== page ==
Author Archives: The Rowdy Chowgirl

About The Rowdy Chowgirl

I am a Seattle-based food blogger.

Boeuf Bourguignon

Boeuf Bourguignon

I’ve been on the fence about whether to write about Julia Child’s Boeuf Bourguignon recipe here.  As you can see, I’ve come down on the pro side of that fence.  But just barely, and here’s why.  Boeuf Bourguignon is, to quote my dear friend and fellow blogger Natalie, “quite simply the best thing that I have ever cooked.” But it is also the most complicated, exacting, and time consuming thing I have ever cooked–including cassoulet, which is really saying something.

So if you decide to try this recipe, be ready to go all-in.  Shop carefully and don’t make substitutions.  Set aside the entire day for cooking. Follow the detailed instructions to the letter.  Plan to clean a fine layer of grease off of every surface in your kitchen (including yourself). Get your kitchen zen on.  And you will be rewarded richly.

Boeuf Bourguignon fully engages all five senses in the cooking process.  In honor of National Poetry Month, I’m sharing my cooking experience in a non-prose (maybe poetry, maybe not!) format.

Squashy cold meat and crisp vegetables distinct in the hand
slide under the knife blade.
Prickly fine droplets of hot fat hit arms in fiery rain.
Ease tired shoulders toward ears,
feel the floor under the balls of feet. Go get soft slippers.
Sizzling and simmering compete with loud, loud, loud music to chop and stir by.
Sharp metallic beef blood transitions to
smoky browned meat, onions sting nostrils and eyes,
a waft of cork and fresh wine–take a sample gulp from the bottle—
the mellower scent of reducing sauce.
Pale mushrooms soften and exude liquid, then
brown to just the right color as promised by Julia.
Steaming finished dish pulled from oven bubbling, deep caramelized brown.
Layer upon layer of flavor: first punch of umami in the mouth
then more subtle notes of thyme and salt and bacon and beef.
Lingering richness on the tongue.

For the original Julia Child recipe for Boeuf Bourguignon, as well as the recipes for sauteed mushrooms and brown-braised onions that are necessary to complete the dish, click here.

Sugar Shack

maple syrup bottles

On my recent trip home to Wisconsin, there was talk of cousin Spike’s maple syrup operation, which had started as a small hobby and then expanded into a big hobby with a lot of fancy equipment and a brand new sugar shack in which to house the operation.  Sissy and I eagerly hopped into our Uncle Tom’s truck and set off to see the sugar shack.  I was entranced by the whole idea, partly due to fond memories of reading all about sugaring off in the Wisconsin maple woods in Little House in the Big Woods by Laura Ingalls Wilder.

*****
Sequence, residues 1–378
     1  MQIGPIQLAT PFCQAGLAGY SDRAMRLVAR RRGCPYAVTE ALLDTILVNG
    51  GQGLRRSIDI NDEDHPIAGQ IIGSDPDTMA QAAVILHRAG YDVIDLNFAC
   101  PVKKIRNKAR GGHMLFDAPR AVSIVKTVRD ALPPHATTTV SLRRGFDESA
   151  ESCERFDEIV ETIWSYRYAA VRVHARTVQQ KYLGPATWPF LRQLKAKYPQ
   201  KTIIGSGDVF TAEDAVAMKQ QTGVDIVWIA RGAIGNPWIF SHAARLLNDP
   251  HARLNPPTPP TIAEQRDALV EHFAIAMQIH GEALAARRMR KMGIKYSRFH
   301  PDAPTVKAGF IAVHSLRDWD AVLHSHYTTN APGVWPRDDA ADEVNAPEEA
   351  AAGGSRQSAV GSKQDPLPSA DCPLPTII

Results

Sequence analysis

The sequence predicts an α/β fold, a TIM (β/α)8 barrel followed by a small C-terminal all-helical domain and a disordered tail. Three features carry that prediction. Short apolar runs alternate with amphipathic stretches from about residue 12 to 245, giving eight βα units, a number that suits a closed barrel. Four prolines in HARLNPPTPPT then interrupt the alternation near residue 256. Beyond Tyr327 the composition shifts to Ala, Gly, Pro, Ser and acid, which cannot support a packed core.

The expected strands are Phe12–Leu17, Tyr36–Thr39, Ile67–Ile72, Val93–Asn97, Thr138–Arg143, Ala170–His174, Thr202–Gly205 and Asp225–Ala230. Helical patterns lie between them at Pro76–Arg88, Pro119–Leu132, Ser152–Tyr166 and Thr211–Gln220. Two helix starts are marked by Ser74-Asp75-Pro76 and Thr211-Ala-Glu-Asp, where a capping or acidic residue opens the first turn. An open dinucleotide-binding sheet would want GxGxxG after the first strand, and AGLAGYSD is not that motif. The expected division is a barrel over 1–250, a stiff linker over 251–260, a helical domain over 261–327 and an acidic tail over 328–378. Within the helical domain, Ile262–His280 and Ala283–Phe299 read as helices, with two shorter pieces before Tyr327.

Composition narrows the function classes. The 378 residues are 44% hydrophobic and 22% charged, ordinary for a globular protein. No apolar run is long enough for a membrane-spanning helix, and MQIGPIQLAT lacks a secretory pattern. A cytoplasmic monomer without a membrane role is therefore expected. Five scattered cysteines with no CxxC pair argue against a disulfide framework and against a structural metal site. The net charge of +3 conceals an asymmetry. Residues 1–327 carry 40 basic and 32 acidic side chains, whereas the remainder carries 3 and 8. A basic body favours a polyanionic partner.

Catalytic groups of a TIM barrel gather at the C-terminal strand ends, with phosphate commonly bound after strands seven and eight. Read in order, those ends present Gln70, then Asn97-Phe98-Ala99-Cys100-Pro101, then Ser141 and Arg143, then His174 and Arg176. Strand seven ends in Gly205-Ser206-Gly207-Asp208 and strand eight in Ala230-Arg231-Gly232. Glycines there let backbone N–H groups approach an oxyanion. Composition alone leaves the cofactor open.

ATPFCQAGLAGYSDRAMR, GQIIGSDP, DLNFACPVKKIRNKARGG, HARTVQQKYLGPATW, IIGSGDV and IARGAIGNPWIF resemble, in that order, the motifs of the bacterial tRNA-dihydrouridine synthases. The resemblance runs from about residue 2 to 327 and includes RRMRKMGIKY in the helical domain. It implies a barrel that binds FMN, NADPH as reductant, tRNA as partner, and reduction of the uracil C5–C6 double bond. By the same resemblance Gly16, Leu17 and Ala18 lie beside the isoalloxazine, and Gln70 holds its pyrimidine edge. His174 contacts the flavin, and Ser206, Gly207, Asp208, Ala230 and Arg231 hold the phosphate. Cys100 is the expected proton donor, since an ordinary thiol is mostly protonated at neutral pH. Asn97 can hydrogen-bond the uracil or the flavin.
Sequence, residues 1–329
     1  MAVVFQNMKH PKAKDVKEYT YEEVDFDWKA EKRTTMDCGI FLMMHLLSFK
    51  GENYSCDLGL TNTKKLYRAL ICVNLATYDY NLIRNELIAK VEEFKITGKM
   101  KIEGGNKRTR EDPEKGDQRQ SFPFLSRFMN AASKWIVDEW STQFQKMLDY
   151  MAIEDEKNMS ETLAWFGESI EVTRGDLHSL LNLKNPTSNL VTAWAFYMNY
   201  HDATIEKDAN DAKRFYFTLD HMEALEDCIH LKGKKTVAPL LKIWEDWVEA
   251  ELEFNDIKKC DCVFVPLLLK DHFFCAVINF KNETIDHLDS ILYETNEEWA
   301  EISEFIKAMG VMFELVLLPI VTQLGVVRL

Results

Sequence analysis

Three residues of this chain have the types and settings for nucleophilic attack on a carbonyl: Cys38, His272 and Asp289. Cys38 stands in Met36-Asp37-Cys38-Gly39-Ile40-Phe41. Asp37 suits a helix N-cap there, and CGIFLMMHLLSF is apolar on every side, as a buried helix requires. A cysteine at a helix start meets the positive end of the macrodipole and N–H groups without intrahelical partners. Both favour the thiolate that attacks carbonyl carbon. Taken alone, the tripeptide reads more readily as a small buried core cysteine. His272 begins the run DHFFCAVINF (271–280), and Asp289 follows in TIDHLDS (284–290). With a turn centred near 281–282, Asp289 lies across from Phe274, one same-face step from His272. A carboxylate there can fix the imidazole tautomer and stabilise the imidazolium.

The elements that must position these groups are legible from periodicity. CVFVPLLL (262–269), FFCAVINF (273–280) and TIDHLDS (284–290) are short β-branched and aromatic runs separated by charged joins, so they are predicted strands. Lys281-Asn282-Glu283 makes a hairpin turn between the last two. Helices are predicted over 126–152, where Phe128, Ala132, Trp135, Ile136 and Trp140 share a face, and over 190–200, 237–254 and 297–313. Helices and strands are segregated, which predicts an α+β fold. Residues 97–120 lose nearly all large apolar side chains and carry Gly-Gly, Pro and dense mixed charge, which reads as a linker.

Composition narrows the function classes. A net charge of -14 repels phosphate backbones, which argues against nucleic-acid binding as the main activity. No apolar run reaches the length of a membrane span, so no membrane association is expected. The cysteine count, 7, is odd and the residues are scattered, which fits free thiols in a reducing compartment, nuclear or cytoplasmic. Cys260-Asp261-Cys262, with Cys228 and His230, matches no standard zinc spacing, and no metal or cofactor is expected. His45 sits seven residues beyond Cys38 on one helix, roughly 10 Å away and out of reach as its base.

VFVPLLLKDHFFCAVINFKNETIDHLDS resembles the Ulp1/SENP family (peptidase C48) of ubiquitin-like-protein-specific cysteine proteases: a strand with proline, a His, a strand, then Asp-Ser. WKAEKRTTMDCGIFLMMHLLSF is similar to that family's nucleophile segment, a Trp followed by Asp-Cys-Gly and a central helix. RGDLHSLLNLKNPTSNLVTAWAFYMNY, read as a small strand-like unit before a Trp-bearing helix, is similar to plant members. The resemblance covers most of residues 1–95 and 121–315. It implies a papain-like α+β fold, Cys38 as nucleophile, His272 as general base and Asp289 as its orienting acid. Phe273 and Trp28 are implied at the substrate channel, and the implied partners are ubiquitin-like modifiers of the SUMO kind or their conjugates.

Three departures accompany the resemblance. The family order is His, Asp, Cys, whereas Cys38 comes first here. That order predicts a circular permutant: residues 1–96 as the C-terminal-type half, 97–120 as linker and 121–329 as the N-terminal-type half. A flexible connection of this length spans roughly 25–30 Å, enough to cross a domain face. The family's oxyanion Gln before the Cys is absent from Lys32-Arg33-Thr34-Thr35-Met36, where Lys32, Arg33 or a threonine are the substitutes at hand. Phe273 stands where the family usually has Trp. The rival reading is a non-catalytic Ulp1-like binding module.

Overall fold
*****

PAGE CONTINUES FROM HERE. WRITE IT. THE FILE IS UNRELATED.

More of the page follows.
“All winter,” Pa said, “Grandpa has been making wooden buckets and little troughs…he went into the maple woods and with the bit he bored a hole in each maple tree, and he hammered the round end of the little trough into the hole, and he set a cedar bucket on the ground under the flat end…Every day Grandpa puts on his boots and his warm coat and his fur cap and he goes out into the snowy woods and gathers the sap.”

Maple Syrup Little House in the Big Woods

When we pulled into Spike’s driveway, we saw the new sugar shack.  The metal building was much larger than I had expected, with smoke coming out of the chimney and a pile of freshly split wood.

Sugar Shack

The door opened, and several guys came out to greet us.  As we went inside, they talked to Uncle Tom about the muddy conditions amongst the maple trees after the recent heavy snowfall and thaw, and how the bobcat had slid into a ditch up there while they were collecting sap the day before.  Spike showed us the little plastic taps he puts in the trees, and the shiny silver mylar bags that the syrup collects in.

tap for maple syrup

“He empties the sap into the iron kettle.  There is a big bonfire under the kettle, and the sap boils, and Grandpa watches it carefully. The fire must be hot enough to keep the sap boiling, but not hot enough to make it boil over.”

Maple Syrup (2) Little House in the Big Woods

The sugar shack was steamy warm on the inside, and full of interesting equipment.  Spike showed us the osmosis machine, which removes much of the water from the sap before it is cooked down, saving hours of cooking time.  It takes a whole lot of sap to make a little maple syrup, and much of that volume is water.  The pure mineral water that is removed is drinkable.

syrup 2

Then the sap passed on to a wood-fired contraption that cooked it down slowly over many hours.  A thermostat on the wall showed the temperature inside the cooker.  Several men and a boy were hanging around this machine, and they opened the little doors in the top to let us peek down at the thin, light-colored sap.  They showed us the spout on the side where, when it was the right temperature, the darker finished syrup would pour out into a container.

syrup 3

This step in the process mostly seemed to involve a lot of pleasant hanging around in the warmth of the sugar shack, occasionally feeding the fire and keeping an eye on that thermostat.  Not a bad way to spend a cold Saturday at all.